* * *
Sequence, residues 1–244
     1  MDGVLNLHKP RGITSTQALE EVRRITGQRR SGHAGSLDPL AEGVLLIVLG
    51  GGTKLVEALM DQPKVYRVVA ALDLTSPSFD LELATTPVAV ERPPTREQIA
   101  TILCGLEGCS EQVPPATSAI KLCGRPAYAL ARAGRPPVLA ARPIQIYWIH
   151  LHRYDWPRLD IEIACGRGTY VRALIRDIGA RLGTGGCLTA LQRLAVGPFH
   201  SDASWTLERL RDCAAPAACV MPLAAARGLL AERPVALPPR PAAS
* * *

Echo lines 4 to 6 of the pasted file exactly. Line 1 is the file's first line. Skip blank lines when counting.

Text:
   101  TILCGLEGCS EQVPPATSAI KLCGRPAYAL ARAGRPPVLA ARPIQIYWIH
   151  LHRYDWPRLD IEIACGRGTY VRALIRDIGA RLGTGGCLTA LQRLAVGPFH
   201  SDASWTLERL RDCAAPAACV MPLAAARGLL AERPVALPPR PAAS